Many consider Isaac Murphy the greatest American jockey of all time. The son of a former slave, Murphy rose to prominence in a field that was dominated by African American jockeys at the time.
Isaac Murphy won with more than a third of his mounts year after year. By his own account, Murphy won 44% of his races. Only 34.5% can be verified in chart books from the era, but it’s likely that some of his races were not covered in the chart books. Either way, Murphy set a standard that no other jockey has met.
He won the Kentucky Derby three times, the Latonia Derby five times, and four of the first five runnings of the American Derby, once the richest 3-year-old race in America.
Not only was Murphy known for his skill on horseback but also for his honesty and loyalty. He once refused to let champion Falsetto lose the 1879 Kenner Stakes, even though gamblers enticed him with bribes.
Among others, Murphy rode Emperor of Norfolk, Kingston, Firenze, and Salvator. Aboard Salvator in the 1890 Suburban, he defeated Snapper Garrison and Tenney in a historic match.
Isaac Murphy also owned and trained horses during his career. He died of pneumonia at age 36 in 1896.
For years, Murphy’s grave was left untouched and nearly forgotten in an abandoned cemetery in Lexington, KY. Finally in 1967, after a long search, his remains were found, exhumed and reburied at the old Man o’ War burial site, and then were moved again, along with Man o’ War, to the Kentucky Horse Park prior to its opening in 1978. Today, Murphy rests near Man o’ War and some of his illustrious descendants, a champion among champions.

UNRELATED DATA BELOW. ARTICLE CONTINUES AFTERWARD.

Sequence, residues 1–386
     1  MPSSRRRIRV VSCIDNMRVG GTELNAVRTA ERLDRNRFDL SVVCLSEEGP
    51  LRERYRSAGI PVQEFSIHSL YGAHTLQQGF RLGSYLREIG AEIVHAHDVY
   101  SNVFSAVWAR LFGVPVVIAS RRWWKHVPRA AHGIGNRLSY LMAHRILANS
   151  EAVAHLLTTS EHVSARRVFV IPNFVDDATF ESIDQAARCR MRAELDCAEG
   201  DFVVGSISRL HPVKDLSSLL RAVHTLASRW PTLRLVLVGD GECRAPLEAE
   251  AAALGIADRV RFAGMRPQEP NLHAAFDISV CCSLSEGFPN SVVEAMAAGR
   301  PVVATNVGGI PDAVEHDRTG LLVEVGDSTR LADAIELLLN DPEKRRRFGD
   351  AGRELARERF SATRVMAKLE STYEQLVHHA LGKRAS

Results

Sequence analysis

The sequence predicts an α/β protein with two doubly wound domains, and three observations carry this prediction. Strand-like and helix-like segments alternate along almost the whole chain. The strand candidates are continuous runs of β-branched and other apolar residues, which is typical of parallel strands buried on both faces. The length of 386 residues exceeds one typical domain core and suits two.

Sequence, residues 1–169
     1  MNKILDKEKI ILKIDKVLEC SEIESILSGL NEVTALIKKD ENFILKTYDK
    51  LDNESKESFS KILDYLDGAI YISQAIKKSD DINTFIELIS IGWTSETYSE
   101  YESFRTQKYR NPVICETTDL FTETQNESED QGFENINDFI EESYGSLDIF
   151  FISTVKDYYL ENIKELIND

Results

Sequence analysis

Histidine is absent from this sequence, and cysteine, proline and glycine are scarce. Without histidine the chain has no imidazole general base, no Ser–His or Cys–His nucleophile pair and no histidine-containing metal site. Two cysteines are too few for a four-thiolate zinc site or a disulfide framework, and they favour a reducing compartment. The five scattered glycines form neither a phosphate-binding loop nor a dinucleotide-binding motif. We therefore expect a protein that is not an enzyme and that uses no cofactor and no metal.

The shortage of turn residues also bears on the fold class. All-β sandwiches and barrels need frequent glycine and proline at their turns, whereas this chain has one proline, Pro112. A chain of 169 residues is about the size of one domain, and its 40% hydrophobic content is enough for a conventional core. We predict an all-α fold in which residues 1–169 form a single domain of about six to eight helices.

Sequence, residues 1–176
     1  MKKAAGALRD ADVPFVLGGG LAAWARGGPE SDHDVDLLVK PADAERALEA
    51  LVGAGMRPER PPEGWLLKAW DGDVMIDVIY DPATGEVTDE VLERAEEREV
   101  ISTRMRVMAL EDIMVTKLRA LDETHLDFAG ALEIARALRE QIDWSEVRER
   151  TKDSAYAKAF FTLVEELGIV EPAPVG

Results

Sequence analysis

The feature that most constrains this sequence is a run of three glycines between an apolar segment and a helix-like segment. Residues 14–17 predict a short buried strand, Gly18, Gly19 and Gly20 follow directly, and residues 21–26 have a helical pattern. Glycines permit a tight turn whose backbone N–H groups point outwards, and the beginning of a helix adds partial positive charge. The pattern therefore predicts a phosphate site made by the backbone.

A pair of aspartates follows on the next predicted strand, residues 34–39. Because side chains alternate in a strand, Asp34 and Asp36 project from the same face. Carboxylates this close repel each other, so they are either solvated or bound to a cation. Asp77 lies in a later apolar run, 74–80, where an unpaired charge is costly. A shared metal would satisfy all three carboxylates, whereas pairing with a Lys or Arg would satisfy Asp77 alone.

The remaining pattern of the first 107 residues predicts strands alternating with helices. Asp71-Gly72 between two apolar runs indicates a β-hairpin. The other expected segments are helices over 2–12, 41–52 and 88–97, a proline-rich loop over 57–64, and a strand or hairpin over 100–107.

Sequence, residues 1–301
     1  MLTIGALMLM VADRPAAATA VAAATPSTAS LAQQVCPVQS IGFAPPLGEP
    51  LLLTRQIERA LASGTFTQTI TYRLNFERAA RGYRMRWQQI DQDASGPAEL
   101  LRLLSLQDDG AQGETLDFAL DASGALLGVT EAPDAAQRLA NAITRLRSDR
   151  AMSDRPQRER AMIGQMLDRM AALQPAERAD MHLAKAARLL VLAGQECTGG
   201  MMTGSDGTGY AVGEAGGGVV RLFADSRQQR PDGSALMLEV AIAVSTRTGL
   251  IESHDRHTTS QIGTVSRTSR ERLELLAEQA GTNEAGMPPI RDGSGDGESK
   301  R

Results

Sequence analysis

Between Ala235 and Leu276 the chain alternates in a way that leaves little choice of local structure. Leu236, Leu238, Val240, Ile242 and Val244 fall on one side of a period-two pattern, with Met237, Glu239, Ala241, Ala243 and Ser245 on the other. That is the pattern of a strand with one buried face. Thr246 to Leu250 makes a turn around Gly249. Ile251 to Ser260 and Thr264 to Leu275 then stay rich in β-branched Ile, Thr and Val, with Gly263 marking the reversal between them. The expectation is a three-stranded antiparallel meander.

In 2015, the Kentucky Horse Park unveiled a newly engraved headstone for Murphy. The park also introduced new interpretive panels at the site “Isaac Burns Murphy,” “African-Americans in Racing,” and “Kentucky’s African-American Horsemen,” to share their important stories with future park visitors. Murphy’s panels include more accurate information that has recently become available after years of research by dedicated community leaders.
*Currier & Ives. (1890) The finish in the great match race … at Sheepshead Bay, N.Y., June 25th,between Salvator and Tenny / L.M. New York, 1890. New York: Published by Currier & Ives. [Photograph] Retrieved from the Library of Congress, https://www.loc.gov/item/92506311/.